Published: 4th April, 2020
Last edited: 27th September, 2010
Created: 19th September, 2010
A reconstruction of some of the original GUI elements found on FontStruct, as a FontStruction on FS! :)
The design elements are (c) FontStruct/Rob Meek/FSI FontShop International (excluding MS-style cursors). This is meant as JUST a fanart and is not meant to infringe on the authors' rights.
This font is meant to be viewed and used at PXL sizes (12 px and multiples).
This pictographic font is a WIP (work in progress). Any suggestions are welcome!
*20 September 2010 — Added new glyphs (FS GUI elements/artifacts + some cursors & GUI widgets, like radio buttons). Notable additions include the FS web browser favicon (in 2 versions!) and the social networking icons found under the "Tell the world" dropdown option.
Also changed the picture-to-letter mapping, this requires further improvements, though.
*27 September 2010 — 11 new GUI image elements/artifacts were added after suggestions by other FontStructors:
1. The clone icon (Dolly the clone sheep)
2-4. "Add fave", "My fave" and broken-hearted "Drop fave" versions of the heart icon that can be used to keep track of your favorite FontStructions
5-6. Two (2) versions of the current FontShop favicon (faux anti-aliased and B&W contrasted)
7. A rectangular FontStruct mini-banner that appears when embedding a FontStruction into an external website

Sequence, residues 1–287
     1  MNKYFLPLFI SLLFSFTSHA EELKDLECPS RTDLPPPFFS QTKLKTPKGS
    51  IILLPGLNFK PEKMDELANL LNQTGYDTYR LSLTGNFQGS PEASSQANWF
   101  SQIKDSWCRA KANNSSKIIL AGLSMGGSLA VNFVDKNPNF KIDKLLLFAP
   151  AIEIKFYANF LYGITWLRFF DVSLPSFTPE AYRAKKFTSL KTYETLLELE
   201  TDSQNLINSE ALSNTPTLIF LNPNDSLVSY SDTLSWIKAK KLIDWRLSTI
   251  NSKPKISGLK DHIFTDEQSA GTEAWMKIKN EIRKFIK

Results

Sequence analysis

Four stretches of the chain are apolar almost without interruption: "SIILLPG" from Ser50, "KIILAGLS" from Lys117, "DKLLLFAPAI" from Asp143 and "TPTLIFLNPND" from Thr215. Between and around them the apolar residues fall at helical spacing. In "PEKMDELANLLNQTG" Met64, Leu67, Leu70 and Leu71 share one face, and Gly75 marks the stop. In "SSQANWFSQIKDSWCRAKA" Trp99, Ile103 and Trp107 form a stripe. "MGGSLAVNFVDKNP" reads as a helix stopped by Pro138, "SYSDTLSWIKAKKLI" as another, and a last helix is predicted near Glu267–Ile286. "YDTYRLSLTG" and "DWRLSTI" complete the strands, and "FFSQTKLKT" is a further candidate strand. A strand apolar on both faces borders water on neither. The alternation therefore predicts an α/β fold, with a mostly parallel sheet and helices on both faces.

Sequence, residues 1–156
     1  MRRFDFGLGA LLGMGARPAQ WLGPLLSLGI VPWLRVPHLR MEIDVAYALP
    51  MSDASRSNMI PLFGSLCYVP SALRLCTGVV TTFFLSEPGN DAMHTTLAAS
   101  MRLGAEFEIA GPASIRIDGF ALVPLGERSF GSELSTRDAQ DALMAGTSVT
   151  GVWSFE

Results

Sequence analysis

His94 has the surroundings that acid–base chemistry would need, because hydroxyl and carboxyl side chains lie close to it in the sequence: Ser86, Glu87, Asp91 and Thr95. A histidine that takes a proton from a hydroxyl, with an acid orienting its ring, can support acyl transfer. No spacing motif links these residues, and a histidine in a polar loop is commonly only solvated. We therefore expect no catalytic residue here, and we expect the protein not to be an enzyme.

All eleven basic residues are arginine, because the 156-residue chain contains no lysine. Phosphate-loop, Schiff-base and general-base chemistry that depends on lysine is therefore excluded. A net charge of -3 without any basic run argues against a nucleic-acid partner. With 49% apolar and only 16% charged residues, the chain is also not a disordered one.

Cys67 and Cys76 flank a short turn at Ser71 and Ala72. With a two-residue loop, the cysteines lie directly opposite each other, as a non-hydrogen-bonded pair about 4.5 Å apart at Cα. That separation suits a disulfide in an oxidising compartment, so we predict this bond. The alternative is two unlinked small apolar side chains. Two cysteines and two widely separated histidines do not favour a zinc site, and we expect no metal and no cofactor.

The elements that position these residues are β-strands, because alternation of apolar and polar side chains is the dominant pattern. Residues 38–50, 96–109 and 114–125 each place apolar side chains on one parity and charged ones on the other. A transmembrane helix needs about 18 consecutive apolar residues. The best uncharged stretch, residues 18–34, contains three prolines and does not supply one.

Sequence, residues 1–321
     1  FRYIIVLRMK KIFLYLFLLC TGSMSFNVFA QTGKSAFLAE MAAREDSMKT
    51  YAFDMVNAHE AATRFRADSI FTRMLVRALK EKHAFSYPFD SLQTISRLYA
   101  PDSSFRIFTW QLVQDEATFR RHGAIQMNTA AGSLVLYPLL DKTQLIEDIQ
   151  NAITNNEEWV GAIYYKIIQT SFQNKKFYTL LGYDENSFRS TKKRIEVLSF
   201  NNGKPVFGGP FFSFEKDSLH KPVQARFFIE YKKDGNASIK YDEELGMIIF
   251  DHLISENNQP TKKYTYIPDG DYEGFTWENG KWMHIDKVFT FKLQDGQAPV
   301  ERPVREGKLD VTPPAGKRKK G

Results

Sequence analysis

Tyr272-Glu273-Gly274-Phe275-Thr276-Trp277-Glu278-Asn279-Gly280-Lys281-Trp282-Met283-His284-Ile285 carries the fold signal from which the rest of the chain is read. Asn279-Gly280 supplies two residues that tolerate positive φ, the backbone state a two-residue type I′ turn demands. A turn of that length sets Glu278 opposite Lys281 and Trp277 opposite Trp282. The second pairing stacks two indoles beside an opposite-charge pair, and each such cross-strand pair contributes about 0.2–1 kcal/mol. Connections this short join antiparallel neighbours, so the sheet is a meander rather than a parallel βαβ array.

8. "FontStruct is brought to you by" text from the same embeddings
9. Small negative/inverted upwards arrow (I always seemed to forgot to add that one up until now)
10. The e-mail icon from FontStructor userpages, and
11. The pixel rating ‘voted’ tick mark.
P.S. Any suggestions, comments and ideas are again appreciated, welcome & even encouraged! :D
Published: 1st January, 2014
Last edited: 1st January, 2014
Created: 31st December, 2013
This font makes use of the most ancient forms of each of our capital English letters. Glyphs that would have been repeated because of shared origins have been given alternate forms of the original glyph to enable differentiation. The question and exclamation mark originate with Latin, written with two letters vertically, and in this version are written the same way but with the original forms of the letters. The rest of the punctuation comes from Greek origins or is made to look similar. The following website can act as a key for the meaning of each letter: http://www.ancient-hebrew.org/3_al.html